Don’t let disruptive technologies catch your operation flat-footed
Jack Uldrich says agriculture has an 800-lb. gorilla in the room by the name of “new technology.”
The futurist and author who recently addressed attendees at the 2016 InfoAg Conference in St. Louis says few people understand technology can improve exponentially. He points to the modem as an example.
“Eighteen years ago, a 56k modem was the standard,” Uldrich says. “There has been a 1,400-fold improvement since then.”
The New Era. A broad range of technology is being applied to the agriculture industry. Uldrich points to numerous products early adopters are embracing, including:
- Wearable technology
- Augmented reality
- 3-D printing
- Sensors attached to real-world objects, collectively known as the Internet of Things
Any or all of these emerging technologies could prove to be gigantic disruptors, for better or for worse. Could a robotics revolution slash agricultural jobs, for example?
On the other hand, today’s easily overlooked technology could prove to be the savior of the industry tomorrow. Uldrich points to nanotechnology as a prime example.
Michigan State University researchers are developing a nanofilter that can remove phosphorus from water and recapture it as fertilizer. Imagine the potential that could have, Uldrich says.
“All of this change requires humility to understand what worked well yesterday might not work well moving forward,” he says.
How can farmers and ranchers future-proof their operations? It’s simple, Uldrich says: Spend time thinking about it.
“If you aren’t, who is?” he says. Sit down once a week and search out what technological advances the world is talking about next, he says.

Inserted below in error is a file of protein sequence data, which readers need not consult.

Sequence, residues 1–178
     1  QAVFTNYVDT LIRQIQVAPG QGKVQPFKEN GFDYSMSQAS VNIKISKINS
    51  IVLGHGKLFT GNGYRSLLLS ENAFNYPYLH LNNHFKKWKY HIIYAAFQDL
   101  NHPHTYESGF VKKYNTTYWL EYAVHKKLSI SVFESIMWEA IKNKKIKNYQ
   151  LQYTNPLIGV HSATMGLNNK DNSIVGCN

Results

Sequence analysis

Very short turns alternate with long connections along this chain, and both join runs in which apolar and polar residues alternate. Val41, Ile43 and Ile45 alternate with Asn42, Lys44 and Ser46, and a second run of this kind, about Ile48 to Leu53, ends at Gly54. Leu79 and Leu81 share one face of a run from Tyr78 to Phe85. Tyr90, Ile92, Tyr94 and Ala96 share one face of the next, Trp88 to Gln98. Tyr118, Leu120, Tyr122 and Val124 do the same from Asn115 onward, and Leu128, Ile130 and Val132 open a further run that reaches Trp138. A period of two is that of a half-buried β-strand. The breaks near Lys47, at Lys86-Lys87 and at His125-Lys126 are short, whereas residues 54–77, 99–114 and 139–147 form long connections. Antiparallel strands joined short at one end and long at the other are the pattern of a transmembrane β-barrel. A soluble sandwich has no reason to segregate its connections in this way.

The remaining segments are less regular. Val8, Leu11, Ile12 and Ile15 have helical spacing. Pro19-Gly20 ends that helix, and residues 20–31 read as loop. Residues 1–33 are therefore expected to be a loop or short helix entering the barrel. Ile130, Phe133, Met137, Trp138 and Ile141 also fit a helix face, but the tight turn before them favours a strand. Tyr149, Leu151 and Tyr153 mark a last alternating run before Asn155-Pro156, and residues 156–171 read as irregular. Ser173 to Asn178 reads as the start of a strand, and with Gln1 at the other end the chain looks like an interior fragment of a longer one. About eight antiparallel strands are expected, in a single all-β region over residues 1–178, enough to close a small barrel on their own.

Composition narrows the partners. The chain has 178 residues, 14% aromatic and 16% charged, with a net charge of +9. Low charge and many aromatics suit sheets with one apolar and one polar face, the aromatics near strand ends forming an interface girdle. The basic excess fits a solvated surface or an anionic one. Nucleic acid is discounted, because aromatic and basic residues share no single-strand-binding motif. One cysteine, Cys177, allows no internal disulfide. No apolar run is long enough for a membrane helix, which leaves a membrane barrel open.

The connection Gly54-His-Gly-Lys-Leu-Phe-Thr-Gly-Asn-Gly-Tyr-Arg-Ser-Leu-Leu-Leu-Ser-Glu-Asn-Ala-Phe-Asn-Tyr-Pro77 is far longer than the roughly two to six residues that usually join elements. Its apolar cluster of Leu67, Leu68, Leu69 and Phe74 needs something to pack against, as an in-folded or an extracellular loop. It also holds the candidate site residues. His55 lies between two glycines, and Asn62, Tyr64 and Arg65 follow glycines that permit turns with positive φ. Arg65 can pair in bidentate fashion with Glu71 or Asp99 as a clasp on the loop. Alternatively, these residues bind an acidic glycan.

Change Is Inevitable. British Columbia-based futurist Cristophe Pelletier says producers have to balance their curiosity with pragmatism. Be open-minded about new technology, but realize not every high-tech gizmo will be a game-changer on the farm in the long run.
Look past these technologies and into the humans who are driving them, Pelletier advises. You might just end up with some powerful and collaborative business partners.
“Don’t be passive in the process,” Pelletier says. “Don’t wait too long to say what you need. Let technology know what you need.”
By Nate Birt
Emerging Technology Spotlight: Multi-Hybrid Planting in the Field
Swath control and multi-hybrid capabilities are among the technologies changing farm operations for producer Jason Willimack of Oxford Junction, Iowa. They’re just two examples of the ways new and emerging tools will affect farmers’ businesses in the future.
“We set up one planter with swath control the first year. That was probably in the 2008/09 growing season,” Willimack tells “Top Producer Podcast” host Pam Fretwell. “We ran one planter that year, and with our terrain and our waterways and our hills, it didn’t take very long to figure out that paid pretty quickly. You overuse products.”
In the future, he envisions curating out-of-state hybrids that do well in states such as Kansas for sandy spots in his fields.”